Another issue, when dealing with blood samples, is that trypan blue cannot discern live cells from red blood cells, which we usually do not want to count. Debris will also appear dark and look like a dead cell, adding further confusion. These are all challenges presented by counting with trypan blue that render the method more subjective than fluorescence.

We recommend that our customers use AO/PI for counting nuclei. Acridine orange (AO) and propidium iodide (PI) are fluorescent nucleic acid dyes. AO is actively transported into live cells and fluoresces green. PI behaves similarly to trypan blue in that live cells exclude the dye due to its large size, but cells with a compromised cell membrane undergoing apoptosis include the dye in the nucleus and fluoresce red.

Both stains require nucleic acid binding to fluoresce. Since the nuclei isolation process removes the cell membrane, any nucleus extracted from a cell should light up red from the PI, and any cell that was not correctly lysed in our extraction will stain green. Objects that do not have a nucleus, like a red blood cell or any debris left behind from your extraction, do not fluoresce.

Fluorescence is a really powerful analysis tool that takes a lot of subjectivity out of the process by essentially turning the counting process into a binary choice of red or green.

Image Credit: D. Kucharski K. Kucharska/

How does the CellDrop help customers achieve success in their downstream applications?

The CellDrop counting process is quick and efficient, allowing users to rapidly check the quality and quantity of a sample before moving on with downstream applications. Our customers have used this technology on different nuclei isolation protocols, using samples such as fresh kidney, frozen kidney, frozen lung, fresh tomato root, and frozen mouse brain.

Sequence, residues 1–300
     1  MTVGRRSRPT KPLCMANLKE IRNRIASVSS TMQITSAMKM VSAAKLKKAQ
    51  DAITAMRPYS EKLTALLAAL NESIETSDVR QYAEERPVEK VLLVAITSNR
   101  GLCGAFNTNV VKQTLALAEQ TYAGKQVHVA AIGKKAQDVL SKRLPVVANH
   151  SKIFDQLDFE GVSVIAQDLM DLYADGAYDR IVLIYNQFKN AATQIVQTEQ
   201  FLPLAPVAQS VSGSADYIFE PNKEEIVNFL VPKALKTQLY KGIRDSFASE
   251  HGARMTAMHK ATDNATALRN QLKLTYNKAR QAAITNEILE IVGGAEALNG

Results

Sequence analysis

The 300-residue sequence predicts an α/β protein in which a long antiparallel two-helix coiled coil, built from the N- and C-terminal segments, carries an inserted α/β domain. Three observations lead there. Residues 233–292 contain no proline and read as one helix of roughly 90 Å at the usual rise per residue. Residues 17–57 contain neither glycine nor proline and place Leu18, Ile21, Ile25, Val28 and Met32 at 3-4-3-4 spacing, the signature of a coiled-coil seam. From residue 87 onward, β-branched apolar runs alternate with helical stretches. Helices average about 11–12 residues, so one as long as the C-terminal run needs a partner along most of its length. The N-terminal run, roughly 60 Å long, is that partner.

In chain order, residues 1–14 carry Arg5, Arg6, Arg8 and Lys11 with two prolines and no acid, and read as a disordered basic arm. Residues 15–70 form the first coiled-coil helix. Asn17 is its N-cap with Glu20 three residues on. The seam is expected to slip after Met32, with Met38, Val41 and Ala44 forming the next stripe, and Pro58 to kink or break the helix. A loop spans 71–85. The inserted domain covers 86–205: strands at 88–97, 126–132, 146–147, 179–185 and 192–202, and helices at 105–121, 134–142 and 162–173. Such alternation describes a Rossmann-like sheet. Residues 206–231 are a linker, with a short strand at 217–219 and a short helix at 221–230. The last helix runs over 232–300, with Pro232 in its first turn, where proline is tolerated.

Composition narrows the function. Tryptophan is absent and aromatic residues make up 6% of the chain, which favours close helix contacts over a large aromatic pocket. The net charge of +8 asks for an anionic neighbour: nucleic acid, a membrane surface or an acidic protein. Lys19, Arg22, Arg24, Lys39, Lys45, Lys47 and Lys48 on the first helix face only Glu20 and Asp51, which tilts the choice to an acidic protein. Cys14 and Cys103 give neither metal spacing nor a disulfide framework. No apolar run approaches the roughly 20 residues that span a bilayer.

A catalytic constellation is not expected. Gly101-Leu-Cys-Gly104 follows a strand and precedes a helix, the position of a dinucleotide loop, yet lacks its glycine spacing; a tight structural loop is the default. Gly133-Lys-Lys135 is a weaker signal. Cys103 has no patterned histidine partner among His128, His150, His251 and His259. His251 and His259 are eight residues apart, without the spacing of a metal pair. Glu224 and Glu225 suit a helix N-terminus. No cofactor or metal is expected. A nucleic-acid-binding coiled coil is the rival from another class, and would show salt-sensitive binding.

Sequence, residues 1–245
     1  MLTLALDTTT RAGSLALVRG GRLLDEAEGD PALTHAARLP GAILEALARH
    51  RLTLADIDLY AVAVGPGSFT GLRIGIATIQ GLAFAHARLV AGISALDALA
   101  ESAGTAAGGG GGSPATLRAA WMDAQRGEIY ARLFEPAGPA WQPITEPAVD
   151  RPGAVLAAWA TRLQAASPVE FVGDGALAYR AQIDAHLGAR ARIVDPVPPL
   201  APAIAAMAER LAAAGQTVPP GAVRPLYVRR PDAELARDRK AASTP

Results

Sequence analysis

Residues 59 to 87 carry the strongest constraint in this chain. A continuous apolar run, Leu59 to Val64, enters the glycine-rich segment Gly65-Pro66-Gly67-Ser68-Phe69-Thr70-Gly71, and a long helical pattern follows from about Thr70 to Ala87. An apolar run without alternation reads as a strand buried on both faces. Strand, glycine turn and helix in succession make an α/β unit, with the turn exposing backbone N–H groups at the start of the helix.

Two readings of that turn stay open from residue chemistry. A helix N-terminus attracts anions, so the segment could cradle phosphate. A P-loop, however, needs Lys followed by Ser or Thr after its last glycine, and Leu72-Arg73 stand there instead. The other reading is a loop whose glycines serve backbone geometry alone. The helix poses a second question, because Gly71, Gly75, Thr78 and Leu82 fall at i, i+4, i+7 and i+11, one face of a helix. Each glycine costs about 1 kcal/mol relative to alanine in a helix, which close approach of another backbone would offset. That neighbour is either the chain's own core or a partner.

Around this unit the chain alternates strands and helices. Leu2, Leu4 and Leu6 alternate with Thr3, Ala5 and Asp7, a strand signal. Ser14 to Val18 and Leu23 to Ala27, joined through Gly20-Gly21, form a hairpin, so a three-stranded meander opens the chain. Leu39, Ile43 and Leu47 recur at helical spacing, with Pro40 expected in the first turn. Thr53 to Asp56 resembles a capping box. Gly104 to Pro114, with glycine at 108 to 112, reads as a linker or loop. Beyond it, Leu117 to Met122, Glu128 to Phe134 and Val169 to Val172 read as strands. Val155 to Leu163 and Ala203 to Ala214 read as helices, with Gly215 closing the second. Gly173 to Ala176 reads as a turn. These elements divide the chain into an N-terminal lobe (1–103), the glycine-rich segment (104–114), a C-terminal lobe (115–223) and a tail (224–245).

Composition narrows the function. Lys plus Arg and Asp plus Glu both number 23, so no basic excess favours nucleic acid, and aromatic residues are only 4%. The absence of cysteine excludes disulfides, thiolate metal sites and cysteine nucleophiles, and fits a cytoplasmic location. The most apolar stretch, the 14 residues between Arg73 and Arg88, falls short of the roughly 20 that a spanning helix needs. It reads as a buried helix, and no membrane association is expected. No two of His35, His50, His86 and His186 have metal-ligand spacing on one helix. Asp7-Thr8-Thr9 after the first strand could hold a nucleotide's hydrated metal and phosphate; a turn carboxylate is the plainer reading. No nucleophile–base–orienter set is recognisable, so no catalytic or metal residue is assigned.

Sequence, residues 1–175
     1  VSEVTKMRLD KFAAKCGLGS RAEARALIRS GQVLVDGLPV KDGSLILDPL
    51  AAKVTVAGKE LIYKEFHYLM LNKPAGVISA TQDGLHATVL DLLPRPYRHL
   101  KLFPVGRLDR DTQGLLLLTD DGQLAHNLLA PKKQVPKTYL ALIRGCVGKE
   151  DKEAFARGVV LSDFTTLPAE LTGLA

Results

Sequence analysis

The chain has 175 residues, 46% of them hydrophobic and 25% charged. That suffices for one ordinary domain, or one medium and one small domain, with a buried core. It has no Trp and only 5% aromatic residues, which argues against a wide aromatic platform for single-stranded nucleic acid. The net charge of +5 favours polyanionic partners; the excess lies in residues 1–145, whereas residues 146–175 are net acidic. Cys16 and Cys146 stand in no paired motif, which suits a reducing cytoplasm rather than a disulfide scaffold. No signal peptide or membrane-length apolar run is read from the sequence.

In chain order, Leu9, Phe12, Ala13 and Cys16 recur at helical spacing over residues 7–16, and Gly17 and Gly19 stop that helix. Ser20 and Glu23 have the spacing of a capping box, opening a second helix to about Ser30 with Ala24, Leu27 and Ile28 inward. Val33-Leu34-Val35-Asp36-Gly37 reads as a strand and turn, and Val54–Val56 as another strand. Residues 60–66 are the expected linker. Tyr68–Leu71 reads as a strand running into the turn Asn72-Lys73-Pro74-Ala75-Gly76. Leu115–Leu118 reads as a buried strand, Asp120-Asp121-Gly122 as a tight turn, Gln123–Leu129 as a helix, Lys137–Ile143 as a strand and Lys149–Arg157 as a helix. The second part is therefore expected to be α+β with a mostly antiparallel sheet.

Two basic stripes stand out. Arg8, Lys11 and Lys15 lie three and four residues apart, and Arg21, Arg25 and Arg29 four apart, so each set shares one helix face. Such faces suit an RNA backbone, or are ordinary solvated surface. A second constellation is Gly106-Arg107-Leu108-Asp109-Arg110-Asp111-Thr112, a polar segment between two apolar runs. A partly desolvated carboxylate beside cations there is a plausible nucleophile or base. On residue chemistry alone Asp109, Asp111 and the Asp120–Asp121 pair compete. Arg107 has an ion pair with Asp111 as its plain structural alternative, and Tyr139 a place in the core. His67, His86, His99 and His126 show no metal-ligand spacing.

One great feature of the CellDrop is that it enables you to analyze visually for debris in real-time. This will allow you to quickly determine if you need further filtration or purification before moving on with library prep. If the level of debris is too high to move on to library prep, you can use a purification kit to purify the nuclei. As CellDrop requires very little sample volume, re-checking after purification is also possible. 

Once your isolated samples meet the quality control criteria, you can move on to downstream applications, such as RNA sequencing, ATAC sequencing, or flow cytometry.

These downstream applications all require a sample with plenty of nuclei, very little debris, and few intact cells. Using the CellDrop, you will know the exact concentration of your nuclei, the level of debris, and the number of intact cells in your sample. This provides confidence that you have a high-quality sample that will hopefully give you good results when you load them into your downstream applications.

Can you summarize why your customers benefit from the CellDrop?

Nuclei extractions are lengthy, sensitive, and expensive procedures. A lot of expensive equipment goes into the extractions, and that is just to isolate the nuclei, not to process those nuclei with RNA-seq or Assay for Transposase-Accessible Chromatin using sequencing (ATAC-Seq).